The term Propylaeum refers to two buildings and an organization. A committee of seven women met on April 30, 1888, to find a suitable home for the. The chair, , proposed the formation of “a stock company for the purpose of erecting and owning a building.” The group selected the name Propylaeum from the Greek propylaea, or gateway, signifying that the organization would be the gateway to culture for Indianapolis.
The Indianapolis Propylaeum incorporated on June 6, 1888, with capital stock of $15,000. The Articles of Association provided that stock might be acquired, purchased, and held only by women. The articles specified that the building be used for “literary, artistic, scientific, industrial, musical, mechanical and education purposes” for the public, but particularly for the women of Indianapolis. Land was secured on North Street, east of Meridian Street, and the Propylaeum building was dedicated in 1891.
The Propylaeum became the key cultural meeting center for Indianapolis women and was home to many clubs, including the Indianapolis Woman’s Club, Fortnightly Literary Club,, , Daughters of the American Revolution, and the Portfolio Club. During World War I, the building housed numerous relief and recreation programs for soldiers and their families. The structure was razed in 1928 to make way for the .
With the impending loss of their property, the Propylaeum stockholders purchased the Schmidt-Schaf home at 1410 North Delaware Street in 1923. John W. Schmidt constructed the mansion in the newly fashionable neighborhood along North Delaware Street in 1891. The Joseph C. Schaf family occupied the house from 1904-1920. The Indiana College of Music and Fine Arts briefly occupied the building before the Propylaeum.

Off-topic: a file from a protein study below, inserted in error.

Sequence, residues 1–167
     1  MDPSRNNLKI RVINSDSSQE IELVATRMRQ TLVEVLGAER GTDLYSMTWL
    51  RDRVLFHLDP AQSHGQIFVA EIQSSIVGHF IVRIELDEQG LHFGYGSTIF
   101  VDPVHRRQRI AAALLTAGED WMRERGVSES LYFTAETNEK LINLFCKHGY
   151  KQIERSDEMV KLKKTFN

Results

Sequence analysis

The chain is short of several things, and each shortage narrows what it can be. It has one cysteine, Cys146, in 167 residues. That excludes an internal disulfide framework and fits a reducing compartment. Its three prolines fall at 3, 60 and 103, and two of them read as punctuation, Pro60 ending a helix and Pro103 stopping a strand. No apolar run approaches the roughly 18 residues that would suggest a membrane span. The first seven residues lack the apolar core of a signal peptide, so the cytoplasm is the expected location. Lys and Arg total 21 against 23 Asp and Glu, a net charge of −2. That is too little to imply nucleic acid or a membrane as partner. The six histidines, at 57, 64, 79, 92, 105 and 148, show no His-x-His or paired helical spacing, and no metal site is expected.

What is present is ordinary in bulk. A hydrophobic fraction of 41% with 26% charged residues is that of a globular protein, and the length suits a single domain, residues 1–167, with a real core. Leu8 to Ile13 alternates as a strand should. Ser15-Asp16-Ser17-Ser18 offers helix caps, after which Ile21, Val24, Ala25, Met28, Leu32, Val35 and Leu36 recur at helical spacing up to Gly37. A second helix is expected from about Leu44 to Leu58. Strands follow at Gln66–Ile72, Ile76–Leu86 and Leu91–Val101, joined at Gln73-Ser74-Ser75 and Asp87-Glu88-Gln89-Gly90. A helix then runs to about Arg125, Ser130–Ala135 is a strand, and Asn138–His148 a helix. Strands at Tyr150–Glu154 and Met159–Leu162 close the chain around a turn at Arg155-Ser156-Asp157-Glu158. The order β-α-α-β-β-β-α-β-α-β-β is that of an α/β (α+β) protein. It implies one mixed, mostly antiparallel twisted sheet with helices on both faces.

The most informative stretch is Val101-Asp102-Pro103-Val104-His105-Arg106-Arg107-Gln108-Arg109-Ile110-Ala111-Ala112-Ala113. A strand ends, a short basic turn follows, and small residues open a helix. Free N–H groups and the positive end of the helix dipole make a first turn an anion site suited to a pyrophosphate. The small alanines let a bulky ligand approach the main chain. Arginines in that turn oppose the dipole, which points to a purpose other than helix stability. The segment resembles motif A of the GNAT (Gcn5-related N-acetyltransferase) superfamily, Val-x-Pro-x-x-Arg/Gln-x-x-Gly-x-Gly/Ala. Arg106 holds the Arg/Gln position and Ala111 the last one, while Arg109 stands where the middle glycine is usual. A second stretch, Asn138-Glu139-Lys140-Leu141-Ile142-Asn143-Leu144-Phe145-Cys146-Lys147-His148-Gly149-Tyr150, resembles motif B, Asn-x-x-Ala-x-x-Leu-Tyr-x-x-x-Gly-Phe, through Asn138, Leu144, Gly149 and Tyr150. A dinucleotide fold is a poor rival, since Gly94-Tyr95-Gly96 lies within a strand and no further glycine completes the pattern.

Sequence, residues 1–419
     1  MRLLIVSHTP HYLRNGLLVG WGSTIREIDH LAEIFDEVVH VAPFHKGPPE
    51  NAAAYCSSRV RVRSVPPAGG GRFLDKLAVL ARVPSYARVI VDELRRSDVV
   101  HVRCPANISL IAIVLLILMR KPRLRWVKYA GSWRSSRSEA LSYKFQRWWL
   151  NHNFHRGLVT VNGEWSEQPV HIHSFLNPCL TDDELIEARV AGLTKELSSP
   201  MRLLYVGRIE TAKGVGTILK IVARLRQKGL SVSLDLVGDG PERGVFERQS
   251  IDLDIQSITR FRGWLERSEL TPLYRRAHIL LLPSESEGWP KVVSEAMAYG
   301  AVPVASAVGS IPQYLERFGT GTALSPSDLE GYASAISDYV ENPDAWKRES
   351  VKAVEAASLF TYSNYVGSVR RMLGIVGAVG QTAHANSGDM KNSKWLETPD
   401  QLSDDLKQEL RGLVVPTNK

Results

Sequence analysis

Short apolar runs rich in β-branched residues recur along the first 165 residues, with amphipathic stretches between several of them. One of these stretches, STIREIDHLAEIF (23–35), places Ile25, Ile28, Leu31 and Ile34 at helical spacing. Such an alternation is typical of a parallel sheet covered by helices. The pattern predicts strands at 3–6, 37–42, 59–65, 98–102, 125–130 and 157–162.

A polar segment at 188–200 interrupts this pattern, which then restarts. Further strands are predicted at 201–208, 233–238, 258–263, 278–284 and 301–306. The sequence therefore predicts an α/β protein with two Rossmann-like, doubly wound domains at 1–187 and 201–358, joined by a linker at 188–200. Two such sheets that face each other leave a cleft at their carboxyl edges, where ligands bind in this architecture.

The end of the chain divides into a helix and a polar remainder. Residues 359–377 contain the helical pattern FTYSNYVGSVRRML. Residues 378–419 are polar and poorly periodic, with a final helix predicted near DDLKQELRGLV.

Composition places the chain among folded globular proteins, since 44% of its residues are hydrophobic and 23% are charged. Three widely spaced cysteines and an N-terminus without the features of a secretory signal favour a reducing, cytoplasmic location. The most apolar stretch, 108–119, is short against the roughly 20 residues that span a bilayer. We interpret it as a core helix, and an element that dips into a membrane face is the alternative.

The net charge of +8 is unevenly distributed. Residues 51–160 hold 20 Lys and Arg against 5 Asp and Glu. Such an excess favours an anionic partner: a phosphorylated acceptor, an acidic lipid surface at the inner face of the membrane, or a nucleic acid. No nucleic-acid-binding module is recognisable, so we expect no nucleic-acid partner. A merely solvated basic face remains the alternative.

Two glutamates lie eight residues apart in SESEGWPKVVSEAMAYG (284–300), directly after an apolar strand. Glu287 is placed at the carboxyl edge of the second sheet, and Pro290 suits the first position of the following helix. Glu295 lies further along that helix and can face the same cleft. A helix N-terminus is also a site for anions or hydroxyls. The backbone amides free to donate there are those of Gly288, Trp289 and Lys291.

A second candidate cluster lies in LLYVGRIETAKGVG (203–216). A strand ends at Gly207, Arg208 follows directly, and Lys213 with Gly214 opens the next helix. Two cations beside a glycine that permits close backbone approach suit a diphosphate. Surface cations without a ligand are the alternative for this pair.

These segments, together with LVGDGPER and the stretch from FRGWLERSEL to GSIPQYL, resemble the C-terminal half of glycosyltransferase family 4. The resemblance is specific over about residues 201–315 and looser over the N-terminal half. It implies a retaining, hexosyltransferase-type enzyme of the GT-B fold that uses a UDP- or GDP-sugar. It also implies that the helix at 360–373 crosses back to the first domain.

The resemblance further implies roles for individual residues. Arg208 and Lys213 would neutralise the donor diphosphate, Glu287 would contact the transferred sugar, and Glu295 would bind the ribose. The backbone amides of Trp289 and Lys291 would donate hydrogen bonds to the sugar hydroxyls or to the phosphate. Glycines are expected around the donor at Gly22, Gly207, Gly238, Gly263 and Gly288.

The Propylaeum has preserved the Victorian elegance of the Schmidt-Schaf house. A combination of Romanesque Revival and Queen Anne styles of architecture adorn the building. Notable features include the elaborate Romanesque arched entry, elegant bas-relief sculptures in terra cotta and stone, a large porte cochère with sandstone columns, wrought iron tree sculptures on the entry doors, Rookwood tile fireplace mantels, painted ceilings, Baroque style music room, Louis XV style drawing-room, and a grand staircase. The brick and stone carriage house contains a large reception space, office suites, and apartments. The Propylaeum was listed on the National Register of Historic Places in 1973.
After moving to their new home, members of the Propylaeum remodeled the mansion and carriage house to fit the organization’s needs. Walls were removed to create a large Club Room and additional bathrooms were installed, accommodating women living in the upstairs bedrooms. The former boiler house became a townhouse, in whichresided for 35 years. The carriage house was transformed into an artist studio, which occupied for 30 years. The remaining stable space was reconfigured into two storefronts with an apartment above, housing over the years the , , and other arts organizations.
Under the leadership of 20th century. The Propylaeum continued to host arts and social events and remained the home of the Indianapolis Woman’s Club and other organizations. A Tea Room served lunch to members and their guests., the Propylaeum redefined itself as an organization. Originally formed as a stock corporation only, members voted in 1923 to become a social club and operated as such through most of the
Recognizing the need for additional fundraising efforts to maintain the historic building, the Propylaeum Club created a nonprofit arm of the organization during the 1980s. The Propylaeum Historic Foundation brought attention to the home and oversaw the restoration of murals and decorative paint in the first-floor rooms. The Foundation expanded the history and legacy of the Propylaeum’s founder through the May Wright Sewall Leadership Award, recognizing outstanding leaders in the community.
In 2012, the club and foundation merged, forming a nonprofit organization serving women’s intellectual and cultural needs.